On Oct. 1, shares of Fannie Mae (NASDAQOTH:FNMA) and Freddie Mac (NASDAQOTH:FMCC) plunged on the news that a U.S. district court judge threw out several investor lawsuits attempting to force the government to share some of the agencies' profits.
Since then, shares have rebounded considerably, with Fannie Mae's and Freddie Mac's common stock up by more than 50% and 40%, respectively, since bottoming the day after the announcement.
Has anything really changed? Are shareholders more hopeful now? And what are the power-players doing to fight the ruling?
A brief history of the Fannie and Freddie legal battle
Simply put, shareholders are upset that 100% of the profits of both Fannie and Freddie are automatically sent to the Treasury as "dividend payments." The government is getting an excellent return on its investment, and the total dividends paid so far have actually added up to about $30 billion more than the agencies received in the bailout.
However, the profits are considered dividends, not repayment, so the Treasury will receive a stream of profits from Fannie and Freddie indefinitely. And the agencies will still owe the full amount of the bailouts received.
Naturally, this seems very unfair to shareholders. After all, they took a chance by investing in the agencies while they appeared to be down and out. Now that they're profitable again, doesn't it make sense that shareholders should see some returns?
Well, although most experts seem to agree that the shareholders are getting a raw deal here, that doesn't necessarily mean it's illegal. And that's exactly why the judge ruled against the shareholders. He found that the Housing and Economic Recovery act does indeed give the FHFA the power to take the agencies' profits.
The dismissal covered at least 10 separate lawsuits, and it's important to note that some of the most high-profile lawsuits are still outstanding, such as the one filed by Pershing Square, the largest shareholder of both agencies.
There have been two major developments lately that have helped boost investor confidence in Fannie and Freddie.
First, fund managers Richard Perry and Bruce Berkowitz, who are the two most prominent investors whose lawsuits were dismissed, plan to appeal the judge's ruling. In a letter issued to shareholders, Berkowitz said, "[T]he D.C. District Court judge is either wrong or the law is unconstitutional." And Perry Capital filed an appeal just days after the judge's dismissal.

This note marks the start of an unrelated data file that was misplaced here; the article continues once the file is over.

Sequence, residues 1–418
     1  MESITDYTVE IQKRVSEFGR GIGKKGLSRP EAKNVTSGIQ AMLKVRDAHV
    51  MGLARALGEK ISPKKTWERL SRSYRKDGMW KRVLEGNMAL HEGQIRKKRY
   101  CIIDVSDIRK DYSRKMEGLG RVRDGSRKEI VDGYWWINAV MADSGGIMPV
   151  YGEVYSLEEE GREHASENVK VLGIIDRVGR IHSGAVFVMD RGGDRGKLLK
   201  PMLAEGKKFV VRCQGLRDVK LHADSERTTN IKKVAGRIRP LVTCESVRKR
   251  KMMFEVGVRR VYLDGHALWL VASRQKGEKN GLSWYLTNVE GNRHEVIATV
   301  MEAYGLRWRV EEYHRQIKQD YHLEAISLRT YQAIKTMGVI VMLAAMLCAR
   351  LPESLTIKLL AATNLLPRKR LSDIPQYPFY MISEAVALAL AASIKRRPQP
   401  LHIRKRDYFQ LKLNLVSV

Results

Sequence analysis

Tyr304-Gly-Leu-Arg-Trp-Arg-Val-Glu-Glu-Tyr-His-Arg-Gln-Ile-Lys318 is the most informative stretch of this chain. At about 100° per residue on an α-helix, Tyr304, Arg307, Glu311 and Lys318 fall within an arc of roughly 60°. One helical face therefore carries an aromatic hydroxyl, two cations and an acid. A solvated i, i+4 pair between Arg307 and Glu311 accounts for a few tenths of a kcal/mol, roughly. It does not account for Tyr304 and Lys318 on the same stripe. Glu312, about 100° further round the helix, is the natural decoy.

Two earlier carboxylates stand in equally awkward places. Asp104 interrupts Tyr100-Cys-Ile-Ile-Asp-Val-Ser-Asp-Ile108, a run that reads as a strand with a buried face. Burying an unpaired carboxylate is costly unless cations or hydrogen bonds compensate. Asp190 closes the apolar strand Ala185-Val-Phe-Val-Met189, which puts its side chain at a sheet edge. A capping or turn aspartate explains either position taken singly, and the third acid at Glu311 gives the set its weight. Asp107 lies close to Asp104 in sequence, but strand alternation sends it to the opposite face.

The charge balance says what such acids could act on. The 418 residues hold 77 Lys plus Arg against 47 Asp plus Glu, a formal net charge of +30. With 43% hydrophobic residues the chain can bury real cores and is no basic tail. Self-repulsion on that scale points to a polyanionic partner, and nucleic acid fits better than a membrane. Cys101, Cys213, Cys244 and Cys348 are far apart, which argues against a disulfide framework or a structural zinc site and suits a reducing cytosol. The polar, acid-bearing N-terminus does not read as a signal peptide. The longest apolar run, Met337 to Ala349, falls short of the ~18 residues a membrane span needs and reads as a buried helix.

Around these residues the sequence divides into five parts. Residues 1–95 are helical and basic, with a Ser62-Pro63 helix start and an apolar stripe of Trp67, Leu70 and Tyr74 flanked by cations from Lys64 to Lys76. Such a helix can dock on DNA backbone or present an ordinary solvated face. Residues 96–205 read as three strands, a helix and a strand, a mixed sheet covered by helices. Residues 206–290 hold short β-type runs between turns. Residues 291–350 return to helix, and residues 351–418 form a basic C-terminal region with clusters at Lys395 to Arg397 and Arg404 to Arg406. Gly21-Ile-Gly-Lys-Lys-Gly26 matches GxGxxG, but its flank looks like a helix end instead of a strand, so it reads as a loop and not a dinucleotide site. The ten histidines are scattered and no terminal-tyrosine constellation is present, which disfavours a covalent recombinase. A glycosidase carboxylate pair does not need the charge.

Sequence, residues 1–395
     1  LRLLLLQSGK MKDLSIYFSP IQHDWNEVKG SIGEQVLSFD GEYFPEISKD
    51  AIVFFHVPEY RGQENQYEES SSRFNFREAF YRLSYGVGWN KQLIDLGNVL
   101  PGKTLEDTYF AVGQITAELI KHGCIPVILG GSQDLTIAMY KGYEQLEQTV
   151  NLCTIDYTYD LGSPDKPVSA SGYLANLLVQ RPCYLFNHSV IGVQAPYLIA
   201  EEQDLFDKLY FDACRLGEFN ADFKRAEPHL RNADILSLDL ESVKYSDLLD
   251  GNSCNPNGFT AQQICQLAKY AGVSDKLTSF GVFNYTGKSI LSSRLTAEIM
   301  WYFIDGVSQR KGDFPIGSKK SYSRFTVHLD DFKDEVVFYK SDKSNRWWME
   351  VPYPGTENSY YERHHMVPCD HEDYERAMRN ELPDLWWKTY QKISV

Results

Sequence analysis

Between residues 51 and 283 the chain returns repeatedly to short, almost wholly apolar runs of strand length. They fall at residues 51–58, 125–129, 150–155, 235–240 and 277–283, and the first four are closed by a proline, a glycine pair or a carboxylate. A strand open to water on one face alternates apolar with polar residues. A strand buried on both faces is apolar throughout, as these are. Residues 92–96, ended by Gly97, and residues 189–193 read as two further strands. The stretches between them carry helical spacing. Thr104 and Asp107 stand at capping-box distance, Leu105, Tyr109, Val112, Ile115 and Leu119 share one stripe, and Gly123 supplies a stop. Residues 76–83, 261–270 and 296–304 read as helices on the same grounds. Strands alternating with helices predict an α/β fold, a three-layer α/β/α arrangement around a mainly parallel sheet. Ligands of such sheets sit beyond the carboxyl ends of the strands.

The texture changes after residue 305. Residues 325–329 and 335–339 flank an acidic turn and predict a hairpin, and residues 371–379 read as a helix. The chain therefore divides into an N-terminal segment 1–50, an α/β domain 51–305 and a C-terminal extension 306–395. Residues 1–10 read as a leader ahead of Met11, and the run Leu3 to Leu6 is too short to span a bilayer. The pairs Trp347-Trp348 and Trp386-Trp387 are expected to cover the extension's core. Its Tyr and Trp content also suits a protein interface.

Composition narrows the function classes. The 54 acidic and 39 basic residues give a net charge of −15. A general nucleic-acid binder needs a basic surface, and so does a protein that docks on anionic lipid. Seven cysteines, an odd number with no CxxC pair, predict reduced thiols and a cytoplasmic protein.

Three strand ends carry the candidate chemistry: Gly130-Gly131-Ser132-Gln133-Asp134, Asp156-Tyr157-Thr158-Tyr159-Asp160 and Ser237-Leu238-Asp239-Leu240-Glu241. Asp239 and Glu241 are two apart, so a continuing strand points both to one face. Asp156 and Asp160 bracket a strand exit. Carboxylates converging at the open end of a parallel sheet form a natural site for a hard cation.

Also, it is more significant to investor confidence when the major players are willing to throw their own money behind investments when they're beaten down, and Pershing Square's Bill Ackman did just that. About a week after the dismissal, it was reported that Ackman added to his common stock holdings in both agencies in the wake of the judge's ruling.
And, while it's uncertain just how much of the agencies' common stock Pershing Square holds now, it was reported earlier this year that the fund owned a 10% stake in both. So, the biggest shareholder in Fannie and Freddie just got even bigger.
Is there any chance to profit here?
Despite the recent appeals and confidence boost, nothing has fundamentally changed. The chances of a favorable outcome for shareholders are just as good (or bad) as they were immediately after the judge dismissed the lawsuits. So I have to think that the recent rally is a little bit overdone.
There is no reason to believe that the judge who handles the appeal will have any difference of opinion when interpreting the FHFA's authority. And the fact that a hedge fund bought more common shares has no affect whatsoever on the chances of success.
While it is definitely true that investors could make a ton of money if the lawsuits work out in the shareholders' favor, it's still a slim chance at best.
Just realize that when you buy shares of Fannie or Freddie that you're taking a gamble. The odds are definitely not in your favor, and they are nothing close to what I would refer to as "investments".
Matthew Frankel has no position in any stocks mentioned. The Motley Fool has no position in any of the stocks mentioned. Try any of our Foolish newsletter services free for 30 days. We Fools may not all hold the same opinions, but we all believe that considering a diverse range of insights makes us better investors. The Motley Fool has a disclosure policy.